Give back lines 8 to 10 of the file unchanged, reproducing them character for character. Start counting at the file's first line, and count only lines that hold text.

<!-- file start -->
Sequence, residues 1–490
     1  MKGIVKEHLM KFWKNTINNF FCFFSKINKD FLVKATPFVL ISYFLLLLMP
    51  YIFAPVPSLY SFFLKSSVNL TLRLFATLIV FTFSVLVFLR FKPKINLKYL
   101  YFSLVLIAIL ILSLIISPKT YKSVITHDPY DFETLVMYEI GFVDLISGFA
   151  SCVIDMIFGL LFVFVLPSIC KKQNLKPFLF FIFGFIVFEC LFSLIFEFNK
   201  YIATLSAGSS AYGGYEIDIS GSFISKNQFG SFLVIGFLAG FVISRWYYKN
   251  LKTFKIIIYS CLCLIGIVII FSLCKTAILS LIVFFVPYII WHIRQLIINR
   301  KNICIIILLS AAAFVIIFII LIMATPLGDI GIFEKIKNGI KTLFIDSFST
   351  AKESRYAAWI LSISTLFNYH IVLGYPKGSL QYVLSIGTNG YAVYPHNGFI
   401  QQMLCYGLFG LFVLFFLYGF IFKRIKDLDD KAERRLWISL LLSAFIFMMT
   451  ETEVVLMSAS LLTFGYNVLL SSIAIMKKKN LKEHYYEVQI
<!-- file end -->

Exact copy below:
   301  KNICIIILLS AAAFVIIFII LIMATPLGDI GIFEKIKNGI KTLFIDSFST
   351  AKESRYAAWI LSISTLFNYH IVLGYPKGSL QYVLSIGTNG YAVYPHNGFI
   401  QQMLCYGLFG LFVLFFLYGF IFKRIKDLDD KAERRLWISL LLSAFIFMMT